It was in Britain that Golden Retrievers were first registered and from there, they began to grow in popularity. Winifred Charlesworth, a breed enthusiast and advocate, was largely responsible for the breed’s formal recognition and its increase in popularity. Judging by a photo of Mrs. Charlesworth dating back to the 1910s, she owned a dark-colored Golden Retriever herself.

Golden retriever beautiful lovely pair
Image Credit: Rala3030, Shutterstock

Formal Recognition of the Dark Golden Retriever

The Kennel Club in the U.K. first recorded Golden Retrievers in 1903 as “Flat-coats”. They were first shown in 1908 and 1911, a breed club was formed and led by Winifred Charlesworth. In 1913, this club was formally recognized by The Kennel Club. This club has been known as The Golden Retriever Club ever since. They were first recognized by the American Kennel Club in 1925.

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Top 4 Unique Facts About Dark Golden Retrievers

1. Golden Retrievers Are Great Rescue Dogs

As fantastic sniffers and trackers, it’s not uncommon to see Golden Retrievers making up part of a rescue team. Their keen noses also mean they’re often recruited as sniffer dogs for the police force.

red golden retriever
Image Credit: irinaorel, Shutterstock

2. Golden Retrievers Have a Special Fondness for Food

All dogs love a good meal, but Golden Retrievers are renowned for their gobbling capacities. They’re not picky, either, and for this reason, they’re prone to obesity—something to watch out for if you’re a Retriever parent yourself!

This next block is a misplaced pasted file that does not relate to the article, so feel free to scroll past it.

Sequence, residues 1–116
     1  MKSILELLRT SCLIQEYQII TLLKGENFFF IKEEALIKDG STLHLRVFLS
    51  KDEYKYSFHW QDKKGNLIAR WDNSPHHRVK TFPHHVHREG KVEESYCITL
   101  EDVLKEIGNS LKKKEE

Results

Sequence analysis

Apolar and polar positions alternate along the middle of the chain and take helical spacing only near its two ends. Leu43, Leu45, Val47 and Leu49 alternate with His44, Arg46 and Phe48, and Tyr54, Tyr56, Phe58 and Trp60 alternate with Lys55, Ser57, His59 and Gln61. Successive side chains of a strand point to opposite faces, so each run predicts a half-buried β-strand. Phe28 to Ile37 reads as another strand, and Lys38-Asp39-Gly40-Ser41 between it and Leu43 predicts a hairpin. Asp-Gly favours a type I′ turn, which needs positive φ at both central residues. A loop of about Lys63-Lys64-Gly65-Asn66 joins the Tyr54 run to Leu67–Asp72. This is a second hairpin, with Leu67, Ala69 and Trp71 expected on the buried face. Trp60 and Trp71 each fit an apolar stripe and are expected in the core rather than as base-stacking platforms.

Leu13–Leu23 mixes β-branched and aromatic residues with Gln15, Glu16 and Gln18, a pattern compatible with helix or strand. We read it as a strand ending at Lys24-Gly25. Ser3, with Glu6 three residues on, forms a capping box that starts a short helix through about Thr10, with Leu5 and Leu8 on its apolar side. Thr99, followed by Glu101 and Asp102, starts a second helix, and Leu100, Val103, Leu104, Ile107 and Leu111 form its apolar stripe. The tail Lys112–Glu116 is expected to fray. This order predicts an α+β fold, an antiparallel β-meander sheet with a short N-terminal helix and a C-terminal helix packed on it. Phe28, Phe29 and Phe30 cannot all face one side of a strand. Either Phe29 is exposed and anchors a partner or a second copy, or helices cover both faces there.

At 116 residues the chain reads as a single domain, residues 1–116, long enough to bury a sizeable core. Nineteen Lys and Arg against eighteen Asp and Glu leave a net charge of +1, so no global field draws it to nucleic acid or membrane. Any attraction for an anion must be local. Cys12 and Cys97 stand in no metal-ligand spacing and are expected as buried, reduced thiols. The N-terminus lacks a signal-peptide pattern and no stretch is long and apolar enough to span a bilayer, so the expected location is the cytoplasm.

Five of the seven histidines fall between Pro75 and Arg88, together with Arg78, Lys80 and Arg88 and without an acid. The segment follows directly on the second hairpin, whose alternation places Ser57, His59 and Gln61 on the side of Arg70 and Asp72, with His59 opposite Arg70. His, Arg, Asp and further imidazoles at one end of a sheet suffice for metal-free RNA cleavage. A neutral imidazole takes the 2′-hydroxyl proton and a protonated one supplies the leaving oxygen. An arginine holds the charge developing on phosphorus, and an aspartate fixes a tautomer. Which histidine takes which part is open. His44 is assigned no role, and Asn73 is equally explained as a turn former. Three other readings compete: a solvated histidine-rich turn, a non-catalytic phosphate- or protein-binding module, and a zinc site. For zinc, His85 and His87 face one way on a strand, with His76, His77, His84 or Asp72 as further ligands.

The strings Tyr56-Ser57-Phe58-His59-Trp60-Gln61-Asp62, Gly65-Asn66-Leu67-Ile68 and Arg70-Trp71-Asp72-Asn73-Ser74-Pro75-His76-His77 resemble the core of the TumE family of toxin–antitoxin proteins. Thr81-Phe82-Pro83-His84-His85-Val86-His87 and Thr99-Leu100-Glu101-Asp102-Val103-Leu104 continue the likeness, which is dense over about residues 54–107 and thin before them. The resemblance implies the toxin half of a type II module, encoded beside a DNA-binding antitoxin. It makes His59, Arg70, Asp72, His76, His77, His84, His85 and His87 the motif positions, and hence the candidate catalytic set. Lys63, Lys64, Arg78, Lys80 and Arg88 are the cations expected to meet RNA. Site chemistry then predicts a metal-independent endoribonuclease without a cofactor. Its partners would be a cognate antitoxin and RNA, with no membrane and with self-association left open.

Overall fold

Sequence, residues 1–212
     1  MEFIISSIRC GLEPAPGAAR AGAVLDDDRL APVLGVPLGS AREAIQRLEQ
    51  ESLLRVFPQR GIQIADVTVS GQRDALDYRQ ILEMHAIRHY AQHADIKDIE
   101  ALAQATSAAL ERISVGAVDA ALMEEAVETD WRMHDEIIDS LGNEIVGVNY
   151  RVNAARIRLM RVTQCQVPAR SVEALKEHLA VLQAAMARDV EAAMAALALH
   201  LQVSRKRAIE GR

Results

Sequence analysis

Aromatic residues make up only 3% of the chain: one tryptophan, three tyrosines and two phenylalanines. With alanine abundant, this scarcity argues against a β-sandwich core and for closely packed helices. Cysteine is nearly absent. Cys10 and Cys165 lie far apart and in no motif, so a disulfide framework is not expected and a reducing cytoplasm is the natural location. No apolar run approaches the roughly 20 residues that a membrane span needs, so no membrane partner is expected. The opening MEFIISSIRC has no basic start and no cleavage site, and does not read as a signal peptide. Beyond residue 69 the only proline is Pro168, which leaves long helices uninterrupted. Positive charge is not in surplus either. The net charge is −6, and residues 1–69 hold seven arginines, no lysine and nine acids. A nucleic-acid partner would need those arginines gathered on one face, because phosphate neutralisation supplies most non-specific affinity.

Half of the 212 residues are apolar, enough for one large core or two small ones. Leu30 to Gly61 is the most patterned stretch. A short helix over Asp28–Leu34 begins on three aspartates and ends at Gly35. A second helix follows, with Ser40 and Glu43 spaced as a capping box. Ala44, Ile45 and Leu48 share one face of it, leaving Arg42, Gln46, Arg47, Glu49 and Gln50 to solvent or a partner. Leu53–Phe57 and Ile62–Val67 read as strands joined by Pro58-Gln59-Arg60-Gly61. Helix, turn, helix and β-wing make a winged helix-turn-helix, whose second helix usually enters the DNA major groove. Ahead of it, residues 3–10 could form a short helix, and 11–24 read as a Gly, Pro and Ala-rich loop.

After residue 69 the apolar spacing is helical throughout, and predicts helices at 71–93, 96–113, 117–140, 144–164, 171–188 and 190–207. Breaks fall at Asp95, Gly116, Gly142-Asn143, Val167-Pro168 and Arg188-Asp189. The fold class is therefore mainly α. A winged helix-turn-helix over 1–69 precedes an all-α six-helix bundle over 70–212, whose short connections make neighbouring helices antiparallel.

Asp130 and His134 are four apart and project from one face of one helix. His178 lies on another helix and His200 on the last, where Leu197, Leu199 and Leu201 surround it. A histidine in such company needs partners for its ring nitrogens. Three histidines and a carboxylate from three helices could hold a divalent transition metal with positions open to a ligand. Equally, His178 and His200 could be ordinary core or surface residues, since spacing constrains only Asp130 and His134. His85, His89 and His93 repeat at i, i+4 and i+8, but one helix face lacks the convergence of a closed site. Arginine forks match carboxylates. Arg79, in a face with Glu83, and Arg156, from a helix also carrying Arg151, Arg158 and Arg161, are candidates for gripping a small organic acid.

3. Golden Retrievers Are the Perfect Therapy Dogs

As a patient, affectionate, and gentle breed, Golden Retrievers are often recruited as therapy dogs and emotional support dogs. For this reason, you might spot a Golden Retriever in a hospital, hospice, school, or even in some workplaces comforting and calming people.

wet red golden retriever dog outdoors
Image By: Ron Jungwirth, Pixabay

4. Golden Retrievers Are Number 3 on the AKC’s Most Popular Dogs List

On the list, they’re just behind Labrador Retrievers and French Bulldogs.

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Does the Dark Golden Retriever Make a Good Pet?

Golden Retrievers, regardless of color, make fantastic pets. Cheerful, fun-loving, devoted, and gentle are but a handful of the Golden Retriever’s personality traits, making them the perfect family dog. They’re typically great with children and other pets as long as they’ve been properly socialized.

Golden Retrievers also love to play and will likely very much enjoy trips out to the park or local playing field to play fetch, or to the nearest lake, river, or beach for a swim—most Golden Retrievers absolutely love swimming.

In terms of caring for a Golden Retriever, they’re not the highest maintenance dog breed but they’re not the lowest, either. They’re super smart and eager to please, so typically take well to training but they’re also very active dogs that require around 2 hours of exercise per day, which is best spread out over a few sessions (morning walk, afternoon walk, etc.).

Golden Retrievers are also big shedders, so make sure you arm yourself with a decent hoover and grooming tool to keep that under control! In terms of health issues, they can be prone to obesity as a result of overeating and also conditions like hip dysplasia and eye problems.

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To recap, dark Golden Retrievers originated in Scotland in the 19th century and were bred—like Golden Retrievers of all colors—to hunt grouse, partridges, and deer at a baron’s country estate.

The darker/reddish coloring in some Retrievers is believed to have come from a Red Setter (Irish Setter) that was mated with one of the offspring from the first-ever Golden Retriever litter. Today, Golden Retrievers are faithful family dogs and excellent working and emotional support dogs around the world.

Featured Image Credit to: Neelsky, Shutterstock